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Monday, February 16, 2015

WHO Checklist / Lifeboat Training

Here is an article from our Medical Capacity Building Manager, Krissy Close about some recent training she has been managing.

If you want to see me get passionate about something, ask me about the Checklist. If you've had surgery in the last decade you may recall being asked several times on the day of surgery questions like what is your name, what are you here for today, and do you have any allergies.  

When I was asked these questions a few years ago before shoulder surgery, I wondered to myself "Shouldn't you know this? You're operating on me!" - but now I understand they do know, they are just following the "Checklist". 

The WHO Safe Surgery Saves Lives Surgical Safety Checklist (aka. the Checklist) is a simple tool that helps the surgical team to improve safety in surgery and has been proven to decrease operating room mortality by nearly 50%, as well as significantly decrease surgical complications and infections.  It doesn't require fancy equipment or expensive drugs; meaning it can have as large of an impact in Dallas or Minneapolis as it does in Bejing or Nairobi or Toamasina.  The only piece of the Checklist that actually costs anything is the use of a pulse oximeter; so for this we have teamed up with Lifebox, an organization dedicated to ensuring every operating room in the world has this vital tool, to offer pulse oximeters where needed.
Step 1 - Learn about the checklist
You might be thinking, "Well that sounds great and simple, just teach people how to use it!" - if only it was that easy.  Behavior change is hard; Just because we know we should floss our teeth every day doesn't mean we actually do it.  Just because we know we should use a checklist before surgery doesn't mean we actually do it.  
Step 2 - Modify for the environment and team requirements
The Mercy Ships Medical Capacity Building program has been working to try and figure out what it takes to successfully implement the Checklist in the local hospitals where we are serving.  Over the last two months several Crew Members have been working alongside the surgical teams at CHU Toamasina to develop a practical, modified Checklist, tailored to the needs and requirements of the hospital, and practicing it's use through simulations and practical application in the operating room. 
Step 3 - Practice use in simulations
This week we welcome Dr. Ed Fitzgerald, a general surgeon and Lifebox representative, to offer Lifebox training in Toamasina, Brickaville, Moramanga, and Antananarivo. The team is then heading across the country to Mahajanga next week for checklist and Lifebox training in two hospitals there.   It's our hope that through this simple checklist that we could see transformation of surgical care in this country, and in the world.  
Step 4 - Use in the OR
It's exciting work to be a part of, thank you for your prayers for safe travels and a positive reception by all the Malagasy healthcare professionals we have the honor of serving in this way!

Read more about the WHO Checklist at http://www.who.int/patientsafety/safesurgery/en

Monday, February 09, 2015

Where Are Our Patients Coming From

I've always thought of Madagascar as a little island off the coast of the Southern tip of Africa - but when you are here you discover how big this country is.  It takes around 8 hours just to travel by road to the capital city.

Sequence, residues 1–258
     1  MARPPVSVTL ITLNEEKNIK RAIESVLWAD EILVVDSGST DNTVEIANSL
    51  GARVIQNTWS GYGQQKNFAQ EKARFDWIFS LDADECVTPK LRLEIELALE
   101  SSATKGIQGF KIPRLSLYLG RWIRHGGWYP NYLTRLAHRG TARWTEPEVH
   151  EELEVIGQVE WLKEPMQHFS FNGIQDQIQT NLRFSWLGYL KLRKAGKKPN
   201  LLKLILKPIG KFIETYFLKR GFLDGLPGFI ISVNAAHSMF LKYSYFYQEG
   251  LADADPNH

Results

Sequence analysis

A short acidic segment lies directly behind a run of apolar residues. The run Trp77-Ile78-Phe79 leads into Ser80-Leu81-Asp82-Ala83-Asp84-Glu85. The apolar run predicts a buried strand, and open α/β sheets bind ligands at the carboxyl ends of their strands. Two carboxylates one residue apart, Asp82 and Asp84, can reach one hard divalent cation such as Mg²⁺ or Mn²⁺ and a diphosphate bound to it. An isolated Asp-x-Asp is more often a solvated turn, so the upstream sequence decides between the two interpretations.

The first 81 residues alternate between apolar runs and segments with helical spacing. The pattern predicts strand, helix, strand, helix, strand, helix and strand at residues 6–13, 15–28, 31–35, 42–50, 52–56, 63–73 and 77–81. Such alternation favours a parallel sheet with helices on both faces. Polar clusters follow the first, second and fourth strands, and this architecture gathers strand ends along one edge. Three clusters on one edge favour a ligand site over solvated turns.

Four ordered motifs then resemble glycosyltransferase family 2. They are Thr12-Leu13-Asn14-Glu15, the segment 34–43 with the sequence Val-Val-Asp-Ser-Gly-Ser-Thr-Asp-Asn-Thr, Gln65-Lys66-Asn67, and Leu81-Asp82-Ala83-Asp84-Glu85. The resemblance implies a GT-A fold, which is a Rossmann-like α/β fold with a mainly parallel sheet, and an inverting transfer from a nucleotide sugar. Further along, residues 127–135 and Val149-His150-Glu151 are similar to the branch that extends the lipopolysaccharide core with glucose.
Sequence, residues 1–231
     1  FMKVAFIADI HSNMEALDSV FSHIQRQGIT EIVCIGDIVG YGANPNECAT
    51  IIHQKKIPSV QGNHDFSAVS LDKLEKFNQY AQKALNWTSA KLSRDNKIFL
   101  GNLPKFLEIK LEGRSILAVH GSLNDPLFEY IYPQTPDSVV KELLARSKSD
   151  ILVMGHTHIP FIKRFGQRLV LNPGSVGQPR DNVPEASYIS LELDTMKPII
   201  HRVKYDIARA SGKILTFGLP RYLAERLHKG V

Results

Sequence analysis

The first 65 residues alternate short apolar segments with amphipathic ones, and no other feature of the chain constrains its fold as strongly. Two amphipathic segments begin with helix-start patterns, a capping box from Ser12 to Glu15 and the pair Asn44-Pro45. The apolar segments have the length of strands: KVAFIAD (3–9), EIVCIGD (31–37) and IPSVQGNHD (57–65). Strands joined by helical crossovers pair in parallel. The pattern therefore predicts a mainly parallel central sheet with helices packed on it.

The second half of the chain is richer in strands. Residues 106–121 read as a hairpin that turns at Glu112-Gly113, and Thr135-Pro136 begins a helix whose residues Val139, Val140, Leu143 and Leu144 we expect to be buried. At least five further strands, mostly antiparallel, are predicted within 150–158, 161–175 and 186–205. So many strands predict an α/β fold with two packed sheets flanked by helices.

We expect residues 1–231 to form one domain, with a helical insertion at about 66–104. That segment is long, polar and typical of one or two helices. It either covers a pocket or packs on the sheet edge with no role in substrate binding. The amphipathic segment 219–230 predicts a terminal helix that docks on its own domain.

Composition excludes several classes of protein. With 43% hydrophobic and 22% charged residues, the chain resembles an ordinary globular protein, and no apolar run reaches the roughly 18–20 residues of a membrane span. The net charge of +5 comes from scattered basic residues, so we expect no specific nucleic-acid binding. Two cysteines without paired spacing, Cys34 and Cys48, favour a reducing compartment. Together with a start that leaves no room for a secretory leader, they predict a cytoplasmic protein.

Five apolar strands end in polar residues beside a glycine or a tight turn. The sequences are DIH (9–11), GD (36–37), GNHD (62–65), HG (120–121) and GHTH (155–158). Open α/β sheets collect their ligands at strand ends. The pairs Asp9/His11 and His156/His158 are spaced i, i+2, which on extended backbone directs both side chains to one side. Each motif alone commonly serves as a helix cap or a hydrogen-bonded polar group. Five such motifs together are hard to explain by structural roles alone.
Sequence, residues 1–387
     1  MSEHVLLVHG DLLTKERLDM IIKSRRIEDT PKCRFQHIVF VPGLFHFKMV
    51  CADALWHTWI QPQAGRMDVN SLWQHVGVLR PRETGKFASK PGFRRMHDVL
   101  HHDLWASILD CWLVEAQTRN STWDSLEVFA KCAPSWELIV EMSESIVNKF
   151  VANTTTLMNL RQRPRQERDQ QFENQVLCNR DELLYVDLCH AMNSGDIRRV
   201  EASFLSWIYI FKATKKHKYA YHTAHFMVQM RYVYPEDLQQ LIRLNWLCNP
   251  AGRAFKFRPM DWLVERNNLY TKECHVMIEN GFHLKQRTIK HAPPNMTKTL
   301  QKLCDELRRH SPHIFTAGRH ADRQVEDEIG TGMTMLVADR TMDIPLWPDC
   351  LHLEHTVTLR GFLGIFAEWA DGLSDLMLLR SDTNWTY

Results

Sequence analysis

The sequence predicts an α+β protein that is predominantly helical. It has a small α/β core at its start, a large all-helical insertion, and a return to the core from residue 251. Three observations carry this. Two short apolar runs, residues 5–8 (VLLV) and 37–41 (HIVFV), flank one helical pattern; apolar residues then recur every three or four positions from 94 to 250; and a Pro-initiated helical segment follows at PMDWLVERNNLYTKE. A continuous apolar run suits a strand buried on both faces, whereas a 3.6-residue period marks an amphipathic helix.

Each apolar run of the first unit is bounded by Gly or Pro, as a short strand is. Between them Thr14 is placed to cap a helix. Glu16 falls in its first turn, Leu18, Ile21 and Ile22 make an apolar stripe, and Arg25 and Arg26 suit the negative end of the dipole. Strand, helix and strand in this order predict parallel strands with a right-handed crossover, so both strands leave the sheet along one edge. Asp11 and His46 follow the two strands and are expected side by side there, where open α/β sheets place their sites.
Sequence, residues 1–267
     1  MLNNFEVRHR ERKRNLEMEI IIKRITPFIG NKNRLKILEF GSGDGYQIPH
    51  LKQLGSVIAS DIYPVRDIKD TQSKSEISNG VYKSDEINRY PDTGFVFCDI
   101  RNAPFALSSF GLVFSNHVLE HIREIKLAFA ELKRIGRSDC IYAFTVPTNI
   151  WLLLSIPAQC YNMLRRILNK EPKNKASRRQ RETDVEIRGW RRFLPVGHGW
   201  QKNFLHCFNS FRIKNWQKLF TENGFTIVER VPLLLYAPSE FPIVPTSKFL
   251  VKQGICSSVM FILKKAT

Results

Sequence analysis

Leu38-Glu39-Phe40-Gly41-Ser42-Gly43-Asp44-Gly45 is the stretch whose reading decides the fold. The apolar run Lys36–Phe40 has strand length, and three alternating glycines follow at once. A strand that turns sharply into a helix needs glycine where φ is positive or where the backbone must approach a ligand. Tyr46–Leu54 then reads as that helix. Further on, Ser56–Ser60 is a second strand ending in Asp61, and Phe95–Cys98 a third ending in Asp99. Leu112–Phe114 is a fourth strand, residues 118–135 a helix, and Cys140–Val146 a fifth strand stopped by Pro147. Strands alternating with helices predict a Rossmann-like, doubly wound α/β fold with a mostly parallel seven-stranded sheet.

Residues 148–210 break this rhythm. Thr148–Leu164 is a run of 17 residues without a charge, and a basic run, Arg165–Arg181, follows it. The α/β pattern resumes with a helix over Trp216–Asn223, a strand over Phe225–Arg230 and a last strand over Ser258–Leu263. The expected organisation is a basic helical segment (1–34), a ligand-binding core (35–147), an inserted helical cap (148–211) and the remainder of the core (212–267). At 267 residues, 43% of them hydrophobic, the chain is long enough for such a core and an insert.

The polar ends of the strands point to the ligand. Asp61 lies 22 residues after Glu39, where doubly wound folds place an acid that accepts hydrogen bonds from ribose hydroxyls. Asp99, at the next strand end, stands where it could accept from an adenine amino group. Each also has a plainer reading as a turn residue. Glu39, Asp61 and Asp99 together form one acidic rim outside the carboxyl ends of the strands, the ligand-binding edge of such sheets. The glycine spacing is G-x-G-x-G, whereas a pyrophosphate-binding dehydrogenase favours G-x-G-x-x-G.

Comparison of size to UK!
Over the last few months Mercy Ships has been carrying out screenings around the country.  In December a team headed up to the capital city of Antananarivo where they saw many patients in need.  Some of them began arriving here at the end of December.  They met many patients with powerful stories, including a VVF patient who walked for 5 days and then rode a taxi-brousse for 2 days to reach the screening site with the hope that Mercy Ships could help.  Another who's father summed up best what a new lip would mean for his 11 year old son who faces constant ridicule because of his cleft lip: "My family doesn't speak to me or my son.  No one wants to have anything to do with us.  If you can do this surgery for us, it will change our lives."
This was followed by another screening by the Mercy Vision Eye team.  We are discovering that the Malagasy have very good eyes so the team have had to go further afield to find suitable candidates for surgery.
Our surgical screening continued on in Toliara which is the capital of the large Atsimo-Andrefana region, one of the poorest in the country.  The region has a total estimated population of 1,018,500 (2004).  Then this past week in Mahajanga, in the North West to the Boeny region partnering with MAF (Mission Aviation Fellowship) to help fly them there.

This has made travelling for patients a little harder than previous countries so through the work of crew members, funds have been secured from various local businesses and cell phone fundraisers to pay for all their travel to and from the ship, whether by road or air.
Here is a map to show where they are coming from (this was calculated before the Toliara and Mahajanga screenings) :

Sunday, February 01, 2015

Hope Centre - More Transformation Photo's

 Here are more photo's from our Hope Centre Renovation.  The building is now open and housing all our patients that are recovering from surgeries.
Before / After
Before / After
Before / After